New Panasonic Robots To Assist The Elderly (Video)

Panasonic's new robots are kick butt healthcare assistants: like this bed that transforms into a motorized chair.
Panasonic’s new robots are kick butt healthcare assistants: like this bed that transforms into a motorized chair.

As populations age in industrialized countries all over the world, the elderly may turn to robots to help them with chores and mobility. Panasonic recently held a press conference in Kadoma, Osaka to demonstrate some of their new robotic systems aimed at home use, and assisting the elderly. These devices include a kitchen arm, a motorized lifter/mover, and a bed that turns into a wheelchair. The electronics giant announced that it wanted to reach 100 billion yen (~$1.1 billion USD) in robot sales in 2015/2016, thus becoming profitable in the field at that point. By focusing on assistance bots rather than humanoid machines, Panasonic hopes to build devices which have a ready consumer base. Stocks (TYO:6752) rose briefly on the news. Check out the cool video from IDG and Newtork World.TV after the break.

Japan, like the United States and most other nations in the West, faces increasing healthcare expenses as a large post war generation continues to age. There will certainly be automated systems that will augment the care provided by doctors, nurses, and other professionals. Improved monitoring devices, and various remote controlled probes will increase the efficiency of medical teams. Just as important, we may see an increase in technologies that allow patients to help themselves such as reliable online medical information. Assistance robots would allow you to direct your own care to some extent, or at least manage the day to day tasks that would normally require a human caretaker. The elderly could turn to robotics to guarantee a greater sense of freedom and self reliance.

The Panasonic robots are very cool looking but not all of them are really unique in their performances. Kitchen work is well within the capabilities of a Motoman robot or WAM arm, and the motorized wheelchair attachment is certainly nothing new. Having a bed with a TV that transforms into a chair…now that is pretty amazing, I have to admit. I can see how that could greatly assist a bedridden individual with their mobility and quality of life. Eventually, Panasonic says that it will offer the bed-wheelchair robot for around 1 to 1.5 million yen (more than 11,000 USD) when it eventually hits full scale production.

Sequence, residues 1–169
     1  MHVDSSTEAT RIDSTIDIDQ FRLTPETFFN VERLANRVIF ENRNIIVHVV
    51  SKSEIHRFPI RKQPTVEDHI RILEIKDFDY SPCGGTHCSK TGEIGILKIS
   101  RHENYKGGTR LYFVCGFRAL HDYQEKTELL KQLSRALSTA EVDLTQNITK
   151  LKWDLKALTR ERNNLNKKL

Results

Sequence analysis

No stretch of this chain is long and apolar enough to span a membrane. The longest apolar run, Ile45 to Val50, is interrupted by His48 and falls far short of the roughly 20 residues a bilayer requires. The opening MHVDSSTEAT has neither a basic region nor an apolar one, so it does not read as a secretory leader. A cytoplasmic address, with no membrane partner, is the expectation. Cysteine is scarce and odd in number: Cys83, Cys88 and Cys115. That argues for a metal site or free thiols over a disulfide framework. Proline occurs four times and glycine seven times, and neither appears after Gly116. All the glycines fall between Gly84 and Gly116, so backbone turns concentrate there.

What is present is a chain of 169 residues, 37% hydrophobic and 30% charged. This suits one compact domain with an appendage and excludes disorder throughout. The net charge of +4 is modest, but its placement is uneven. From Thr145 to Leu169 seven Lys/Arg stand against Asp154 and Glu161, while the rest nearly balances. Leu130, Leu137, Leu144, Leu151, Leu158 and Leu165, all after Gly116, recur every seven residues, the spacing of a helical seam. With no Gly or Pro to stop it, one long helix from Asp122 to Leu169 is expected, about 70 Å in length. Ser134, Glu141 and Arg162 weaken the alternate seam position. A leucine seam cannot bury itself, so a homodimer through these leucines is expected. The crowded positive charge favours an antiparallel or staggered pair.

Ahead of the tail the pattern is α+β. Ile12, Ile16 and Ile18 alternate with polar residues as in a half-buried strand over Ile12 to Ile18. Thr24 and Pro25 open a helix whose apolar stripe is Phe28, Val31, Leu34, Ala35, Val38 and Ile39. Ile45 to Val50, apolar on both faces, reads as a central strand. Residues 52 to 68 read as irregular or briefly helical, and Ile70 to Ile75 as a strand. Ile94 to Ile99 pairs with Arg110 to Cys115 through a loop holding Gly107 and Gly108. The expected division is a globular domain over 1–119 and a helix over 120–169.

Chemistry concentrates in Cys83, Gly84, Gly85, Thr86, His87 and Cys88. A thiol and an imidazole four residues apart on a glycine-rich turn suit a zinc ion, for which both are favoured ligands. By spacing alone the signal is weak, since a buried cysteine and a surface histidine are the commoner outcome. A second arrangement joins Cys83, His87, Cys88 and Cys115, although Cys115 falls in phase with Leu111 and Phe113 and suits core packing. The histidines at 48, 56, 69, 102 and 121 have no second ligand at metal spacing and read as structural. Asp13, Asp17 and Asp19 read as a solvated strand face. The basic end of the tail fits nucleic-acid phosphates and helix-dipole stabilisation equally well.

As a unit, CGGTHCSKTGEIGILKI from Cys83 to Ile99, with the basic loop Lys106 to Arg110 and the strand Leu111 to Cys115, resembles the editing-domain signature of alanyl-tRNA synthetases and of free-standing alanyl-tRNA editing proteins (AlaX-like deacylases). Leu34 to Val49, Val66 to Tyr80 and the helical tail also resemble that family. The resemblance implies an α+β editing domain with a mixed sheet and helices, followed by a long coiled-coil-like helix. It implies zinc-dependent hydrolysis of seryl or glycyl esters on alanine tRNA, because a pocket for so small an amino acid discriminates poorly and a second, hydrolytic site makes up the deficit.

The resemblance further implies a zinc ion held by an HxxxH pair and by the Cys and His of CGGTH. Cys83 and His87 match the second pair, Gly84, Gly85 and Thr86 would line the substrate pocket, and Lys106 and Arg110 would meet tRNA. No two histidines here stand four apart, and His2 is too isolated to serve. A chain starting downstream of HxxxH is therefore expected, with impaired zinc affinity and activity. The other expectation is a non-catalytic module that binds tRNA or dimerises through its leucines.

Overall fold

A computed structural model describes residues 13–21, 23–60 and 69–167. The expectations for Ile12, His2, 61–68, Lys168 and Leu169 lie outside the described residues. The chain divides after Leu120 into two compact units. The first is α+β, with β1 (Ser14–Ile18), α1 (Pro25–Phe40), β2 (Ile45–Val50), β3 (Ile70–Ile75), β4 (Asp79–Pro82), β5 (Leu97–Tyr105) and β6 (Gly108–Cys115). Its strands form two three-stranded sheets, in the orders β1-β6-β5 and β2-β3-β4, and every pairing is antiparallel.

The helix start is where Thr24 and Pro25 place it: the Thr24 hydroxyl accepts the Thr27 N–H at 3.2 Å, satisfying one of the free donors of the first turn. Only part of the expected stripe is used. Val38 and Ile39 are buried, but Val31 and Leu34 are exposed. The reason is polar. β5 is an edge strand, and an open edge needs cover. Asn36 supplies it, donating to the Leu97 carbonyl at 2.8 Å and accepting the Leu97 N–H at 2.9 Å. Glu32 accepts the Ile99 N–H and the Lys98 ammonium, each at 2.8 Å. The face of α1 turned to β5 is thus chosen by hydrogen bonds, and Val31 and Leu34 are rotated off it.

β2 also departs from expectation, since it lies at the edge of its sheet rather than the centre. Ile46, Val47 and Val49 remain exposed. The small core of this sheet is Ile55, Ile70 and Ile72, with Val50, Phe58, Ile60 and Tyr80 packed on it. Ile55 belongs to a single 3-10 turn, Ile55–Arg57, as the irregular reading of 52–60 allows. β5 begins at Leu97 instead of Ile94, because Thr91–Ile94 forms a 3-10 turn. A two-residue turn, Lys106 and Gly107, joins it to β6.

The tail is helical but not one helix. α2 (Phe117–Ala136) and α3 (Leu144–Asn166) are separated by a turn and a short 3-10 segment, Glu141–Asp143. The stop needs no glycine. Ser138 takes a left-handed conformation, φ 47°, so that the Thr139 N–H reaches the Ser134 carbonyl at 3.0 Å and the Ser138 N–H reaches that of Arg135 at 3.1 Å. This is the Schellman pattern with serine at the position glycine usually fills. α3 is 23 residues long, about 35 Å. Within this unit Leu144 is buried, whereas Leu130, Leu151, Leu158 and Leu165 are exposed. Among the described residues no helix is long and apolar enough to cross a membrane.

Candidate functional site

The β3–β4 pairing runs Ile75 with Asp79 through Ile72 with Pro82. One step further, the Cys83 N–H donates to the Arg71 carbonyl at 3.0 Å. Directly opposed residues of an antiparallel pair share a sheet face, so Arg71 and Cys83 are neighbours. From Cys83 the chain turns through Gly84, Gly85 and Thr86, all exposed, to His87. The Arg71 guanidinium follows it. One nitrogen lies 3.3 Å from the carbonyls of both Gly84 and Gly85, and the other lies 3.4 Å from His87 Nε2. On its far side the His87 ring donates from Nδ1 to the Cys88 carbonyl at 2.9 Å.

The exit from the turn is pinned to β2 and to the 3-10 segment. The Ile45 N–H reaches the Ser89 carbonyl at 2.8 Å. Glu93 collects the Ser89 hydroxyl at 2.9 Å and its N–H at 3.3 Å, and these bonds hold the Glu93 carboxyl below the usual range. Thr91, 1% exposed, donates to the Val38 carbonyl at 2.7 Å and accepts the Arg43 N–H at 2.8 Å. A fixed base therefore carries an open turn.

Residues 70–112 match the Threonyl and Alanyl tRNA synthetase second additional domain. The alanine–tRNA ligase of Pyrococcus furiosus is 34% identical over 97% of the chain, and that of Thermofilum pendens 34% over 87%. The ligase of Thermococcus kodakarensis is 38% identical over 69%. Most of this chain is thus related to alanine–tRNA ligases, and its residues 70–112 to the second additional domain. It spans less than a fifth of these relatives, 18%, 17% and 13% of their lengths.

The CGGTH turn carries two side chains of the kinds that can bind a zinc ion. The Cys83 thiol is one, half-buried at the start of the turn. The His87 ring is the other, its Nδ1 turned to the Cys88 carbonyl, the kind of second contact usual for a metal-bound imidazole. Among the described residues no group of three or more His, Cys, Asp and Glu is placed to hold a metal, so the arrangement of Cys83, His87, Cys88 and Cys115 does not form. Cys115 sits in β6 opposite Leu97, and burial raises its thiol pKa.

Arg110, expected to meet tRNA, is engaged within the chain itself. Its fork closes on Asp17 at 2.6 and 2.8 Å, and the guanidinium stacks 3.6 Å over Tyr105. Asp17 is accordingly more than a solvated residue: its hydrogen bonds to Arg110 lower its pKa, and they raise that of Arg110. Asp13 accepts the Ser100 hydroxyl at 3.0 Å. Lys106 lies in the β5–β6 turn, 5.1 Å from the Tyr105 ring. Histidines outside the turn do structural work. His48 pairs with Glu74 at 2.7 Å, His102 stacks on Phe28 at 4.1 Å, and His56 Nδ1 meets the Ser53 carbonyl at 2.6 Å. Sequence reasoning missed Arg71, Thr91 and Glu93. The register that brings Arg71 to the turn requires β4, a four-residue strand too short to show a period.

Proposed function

As the second largest electronics company in the world (sometimes first depending on how Sony is performing) Panasonic is depending on its in-house expertise to give it the edge in producing consumer orientated robots for all age groups. Rechargeable batteries, control interfaces, audio/visual outputs – these things all take time and effort to perfect but Panasonic already has teams formed to address these issues in other products. In the motorized lifter/mover/wheelchair engine, they utilize a pre-existing electric bike motor, cutting down on research and development costs. It will be interesting to see if the Panasonic “we kind of do this stuff already” approach will out perform Honda’s “building robots from the ground up” attitude.

While many of these robots aren’t likely to see distribution until well into the next decade, Panasonic already has plans to start sales on a dispensary robot next year. That bot will provide the correct (pre-determined) medications when a patient’s ID number is supplied. Robots represent a large capital investment for long term savings in labor, so forward looking healthcare providers may act soon to test if the devices will help mitigate the looming aging population crisis. As someone who relishes human contact, I’m not sure if I would feel as comfortable with robotic aides as I would with a living caregiver. Still, as seen with Hanson Robotics, the automatons of the future may be more personable than the silent assistants we see Panasonic developing now. I guess it all depends on whether or not Grandma learns to love the machines.

Screen Capture and Video Credit: IDG and Network World.TV

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